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Air handling unit maintenance strategies


The Air-Handling Unit (AHU) filters and treats air, and circulates it to where it is needed. The unit is typically made up of a fan, heating and cooling coils, humidification equipment, filters and dampers. The treated air is circulated through the building space and returned to the air handling unit by ductwork. An effective maintenance strategy relies heavily on information supplied by the manufacturer and installer of the equipment. This will indicate when parts should be replaced and provide advice on appropriate maintenance procedures and schedules.


Description of task

Regular maintenance will help to keep air handling units (AHUs) running at optimum efficiency.


How to deliver

Carry out a survey of all air handling units (AHUs) and note and prioritise areas for corrective maintenance.

To keep AHUs at maximum efficiency, undertake the following maintenance activities:

  • Clean heating and cooling coils. A dirty coil can reduce the heat transfer efficiency and cause the boiler and chiller to run longer than necessary;
  • Fix leaks in cabinet and supply ducts. Losing only 6 cubic metres per minute from an AHU cuts heating, cooling and airflow capacity by about 5% and can waste more than €100 per year in energy costs;
  • Clean and adjust dampers and actuators. Operating properly, economiser dampers keep the refrigerant compressor from running when outside air temperature is below 15.5°C;
  • Fans, bearings and belts:
    • Clean and check fans for proper direction of rotation. Running backwards, a fan will supply   less than 50% of the rated airflow;
    • Replace worn or noisy fans or motor bearings. Fans in older AHUs have sleeve bearings  that should be lightly oiled two or three times a year with the recommended lubricant;
    • Do not over or under lubricate conventional greased ball bearings;
    • Maintain proper belt tension and alignment. Loose belts slip on the pulley wheels, causing torque loss and rapid wear. Belts that are too tight put an excessive load on motor and fan bearings, causing early failure of the bearings and/or belts.
  •  Use cogged V-belts. These belts run on conventional smooth pulleys, but notches on the inside of the belt reduce internal bending losses and improve grip;
  • Replace filters. Filter changing intervals should be every 1–6 months, depending on particulate loading from indoor and outdoor air. Ideally they should be based on pressure drop across the filter;
  • Direct expansion (DX) coils. Check the defrost function;
  • Economisers. Check that:
    • dampers are operating freely;
    • linkages are properly lubricated;
    • actuator motors and pistons are working and responding to control signals;
    • temperature and humidity sensors are working and properly calibrated.
  •  Balance distribution of ventilation air. Some existing systems may not be balanced correctly (not delivering the intended amount of air to each space served) or may have faulty controls within a damper system. Rebalancing of flows is usually required to establish and maintain proper ventilation and comfort levels in all areas served by the modified system;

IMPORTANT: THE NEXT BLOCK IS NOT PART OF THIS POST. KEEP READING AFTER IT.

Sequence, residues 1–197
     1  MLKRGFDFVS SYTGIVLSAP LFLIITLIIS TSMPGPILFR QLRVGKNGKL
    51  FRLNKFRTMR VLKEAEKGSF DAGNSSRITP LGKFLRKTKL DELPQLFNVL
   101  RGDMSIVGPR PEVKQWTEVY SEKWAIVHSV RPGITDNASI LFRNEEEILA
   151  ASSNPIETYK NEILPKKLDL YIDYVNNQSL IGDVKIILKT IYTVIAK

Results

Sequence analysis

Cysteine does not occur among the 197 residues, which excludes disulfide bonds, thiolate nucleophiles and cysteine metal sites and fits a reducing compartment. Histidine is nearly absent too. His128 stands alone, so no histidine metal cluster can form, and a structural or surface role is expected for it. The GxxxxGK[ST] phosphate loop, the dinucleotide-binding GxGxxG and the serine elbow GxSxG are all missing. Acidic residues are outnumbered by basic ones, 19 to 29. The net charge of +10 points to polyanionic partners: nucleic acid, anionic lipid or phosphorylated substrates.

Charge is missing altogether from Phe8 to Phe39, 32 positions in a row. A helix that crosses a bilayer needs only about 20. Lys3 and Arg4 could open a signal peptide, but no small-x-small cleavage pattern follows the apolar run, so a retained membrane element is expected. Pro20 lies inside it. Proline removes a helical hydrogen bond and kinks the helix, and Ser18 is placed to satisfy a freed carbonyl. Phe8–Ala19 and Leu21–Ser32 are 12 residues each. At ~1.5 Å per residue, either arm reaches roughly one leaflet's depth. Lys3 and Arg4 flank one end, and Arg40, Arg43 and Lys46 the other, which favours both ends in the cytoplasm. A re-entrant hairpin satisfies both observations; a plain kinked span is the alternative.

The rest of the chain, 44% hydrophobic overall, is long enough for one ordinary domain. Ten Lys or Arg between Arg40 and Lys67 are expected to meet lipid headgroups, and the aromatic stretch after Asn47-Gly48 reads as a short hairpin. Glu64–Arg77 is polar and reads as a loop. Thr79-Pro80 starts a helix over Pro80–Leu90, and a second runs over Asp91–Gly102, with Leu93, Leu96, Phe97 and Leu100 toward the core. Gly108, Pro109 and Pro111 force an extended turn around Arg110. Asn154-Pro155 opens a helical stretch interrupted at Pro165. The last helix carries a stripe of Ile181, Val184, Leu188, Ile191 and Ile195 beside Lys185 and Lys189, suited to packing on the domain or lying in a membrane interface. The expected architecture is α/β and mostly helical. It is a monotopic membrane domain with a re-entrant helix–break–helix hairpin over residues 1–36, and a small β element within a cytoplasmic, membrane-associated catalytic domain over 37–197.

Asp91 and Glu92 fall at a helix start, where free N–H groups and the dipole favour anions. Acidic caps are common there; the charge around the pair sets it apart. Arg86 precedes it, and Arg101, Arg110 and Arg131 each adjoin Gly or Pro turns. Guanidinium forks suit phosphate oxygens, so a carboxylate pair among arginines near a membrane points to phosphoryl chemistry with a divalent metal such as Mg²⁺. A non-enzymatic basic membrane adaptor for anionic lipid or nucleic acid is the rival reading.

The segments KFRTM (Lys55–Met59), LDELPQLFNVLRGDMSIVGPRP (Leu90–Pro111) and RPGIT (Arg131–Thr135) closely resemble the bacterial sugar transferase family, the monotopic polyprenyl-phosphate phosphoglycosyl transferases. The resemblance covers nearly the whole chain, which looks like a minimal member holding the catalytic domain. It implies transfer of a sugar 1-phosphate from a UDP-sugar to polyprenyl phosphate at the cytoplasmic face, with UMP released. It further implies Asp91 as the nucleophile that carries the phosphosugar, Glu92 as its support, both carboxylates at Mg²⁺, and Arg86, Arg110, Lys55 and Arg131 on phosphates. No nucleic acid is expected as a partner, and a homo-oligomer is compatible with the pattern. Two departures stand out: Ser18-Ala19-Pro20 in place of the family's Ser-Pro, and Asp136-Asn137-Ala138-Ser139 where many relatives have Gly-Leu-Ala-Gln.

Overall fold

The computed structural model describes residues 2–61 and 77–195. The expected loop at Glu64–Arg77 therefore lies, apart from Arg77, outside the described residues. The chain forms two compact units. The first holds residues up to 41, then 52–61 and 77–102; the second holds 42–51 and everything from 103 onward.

• Tune-up AHU controls. Control setting and sensor calibration may drift over time causing the heating and cooling system to work harder than necessary. Economiser controls are particularly susceptible to problems and should be checked frequently for proper operation.

Implement an ongoing preventative and predictive maintenance programme for your AHUs designed to maintain maximum heating and cooling efficiencies.


Points to note/troubleshooting

When deciding your maintenance strategy, consider the following:

  • Age of the equipment. Older equipment costs more to maintain because it is out of warranty and needs more attention;
  • Service history of equipment. Equipment that has not been properly maintained for a long period may require extensive work. Service contractors may charge a premium for such work;
  • Accessibility. If it is difficult to gain access to the equipment or to work around it, maintenance costs will be higher;
  • Changes to operating systems should only be made by technically qualified personnel.


Typical payback time

The payback time on a typical AHU refurbishment is 6 months to a year.

For units with malfunctioning economisers, payback time can be <6 months following repairs.



An average unit that has not been serviced for over a year can be expected to perform 5–10% more efficiently following a comprehensive refurbishment.

Units with malfunctioning economisers can save even more following repairs.


Further information sources

The Carbon Trust
Ventilation Fact Sheet (GIL130)
Energy Efficient Mechanical Ventilation Systems (GPG257)
Focus on Energy: A Practical Introduction to Reducing Energy Bills (FOCUS)

Chartered Institution of Building Services Engineers
Heating, air conditioning and refrigeration publications

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